First, in the 2006 OAA Congress did not place an absolute time limit for all participants in the SCSEP program—on the contrary, Congress outlined the conditions to be met for extending participation and left the participation open-ended. Second, this proposed regulation is unnecessary if its primary purpose is to reduce the number of long-term SCSEP participants— the SCSEP performance measures and other sections of the 2006 OAA will effectively achieve this goal without imposing a time limit on all participants. Third, this proposed regulation will harm the ability of SCSEP staff to assist the hardest-to-serve individuals based on a participant’s Individual Employment Plan—it will undermine SCSEP’s person-centered approach, demonstrated to be effective especially with “most-in-need” older adults.

Fourth, the proposed regulation will result in involuntary terminations of older adults who are continuing to benefit from SCSEP participation—these terminations will jeopardize the self- sufficiency and damage the sense of well-being of many vulnerable, most-in-need individuals.In summary, we are concerned that proposed regulation 641.570 will have a disparate impact on individuals from racial and language minorities as well as rural communities.

Furthermore, we are concerned that if participants who are continuing to benefit from SCSEP participation are terminated involuntarily, the vast majority will not find any other employment and training program available to assist them in their community. According to DOL’s Federal Research and Evaluation Database, less than 5,000 low-income adults 55 and over exited from all Workforce Investment Act (WIA) programs in PY2006 across the country.

The proposed regulation 641.577, which limits participants to 1300 hours of community service employment, is another example of an unnecessary restriction on a SCSEP grantee’s capacity to meet the needs of individual participants and to respond to local conditions. The 2006 OAA requires that community service employment positions be part-time, a policy reinforced by other regulations that establish service level goals for grantees and require grantees to expend at least 75% of their grant on Participant Wages and Fringe Benefits. The proposed 1300 hour limitation sets an arbitrary cap on participation that disregards the characteristics of a specific participant, the particular needs of a community (such as responding to a natural disaster), and the conditions of that participant’s labor market. DOL should allow SCSEP grantees the discretion and flexibility to manage their funding and implement training for each participant based on the Individual Employment Plan and the local labor market. We recommend that DOL drop the 1300 hour limitation on community service employment in proposed regulation 641.577.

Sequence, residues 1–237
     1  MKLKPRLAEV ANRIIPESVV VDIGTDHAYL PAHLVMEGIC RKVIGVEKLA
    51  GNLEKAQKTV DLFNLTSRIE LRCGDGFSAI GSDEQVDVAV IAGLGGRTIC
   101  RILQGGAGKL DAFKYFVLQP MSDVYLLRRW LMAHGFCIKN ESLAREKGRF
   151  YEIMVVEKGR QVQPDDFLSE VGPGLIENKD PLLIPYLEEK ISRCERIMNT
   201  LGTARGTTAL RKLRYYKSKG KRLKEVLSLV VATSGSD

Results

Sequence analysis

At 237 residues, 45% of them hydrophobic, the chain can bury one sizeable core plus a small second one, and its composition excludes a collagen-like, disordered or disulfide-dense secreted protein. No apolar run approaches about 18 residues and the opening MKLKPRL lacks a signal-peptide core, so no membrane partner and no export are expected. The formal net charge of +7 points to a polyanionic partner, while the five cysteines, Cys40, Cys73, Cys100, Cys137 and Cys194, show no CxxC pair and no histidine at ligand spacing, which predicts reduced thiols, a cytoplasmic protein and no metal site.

The proposed regulations fail to address the main reasons why WIA serves very few older persons. We support DOL’s goal to strengthen coordination between SCSEP and WIA programs, but we think that the proposed regulations fail to address the main reasons for the small numbers of low-income older adults served by WIA. According to recent GAO reports (GAO-03-350 and GAO-08-548), the current WIA performance measures serve as disincentives for One-Stops to serve significant numbers of older persons. We recommend that DOL postpone all proposed new and revised SCSEP regulations related to WIA coordination, pending the reauthorization of WIA as mentioned in the NPRM.

The proposed regulations fail to strengthen the coordination that is required between SCSEP and other federal programs, including other OAA programs. We recommend that DOL develop additional regulations that will enforce and reflect section 503(b) of the 2006 OAA, requiring coordination of SCSEP with other programs under the Older Americans Act, such as state units and area agencies on aging, and with other federal programs such as Foster Grandparents, Senior Companions, and Vocational Rehabilitation. We think that the proposed regulations 641.315 and 641.335 (regarding the State SCSEP Plan) and 641.640 (regarding pilot, demonstration, and evaluation projects) are inadequate as written.

More time is needed to study the proposed regulations and determine their potential impact on various stakeholders. The comments in this letter are based on our initial analysis of the proposed regulations. As a national grantee, we operate SCSEP exclusively through a diverse network of 81 community-based, faith-based, and government agencies in 16 states. These organizations assign SCSEP participants to work in over 5,000 public and private nonprofit agencies. Sixty days is insufficient time for us to inform and seek input about the proposed regulations from the diverse and complex network of agencies that comprises our SCSEP delivery system. For this reason, we request that DOL extend the public comment period for at least an additional 60 days or longer to allow for a full and inclusive discussion of the impact of these proposed regulations on participants and communities.

Sincerely yours,

Anthony R. Sarmiento President and Executive Director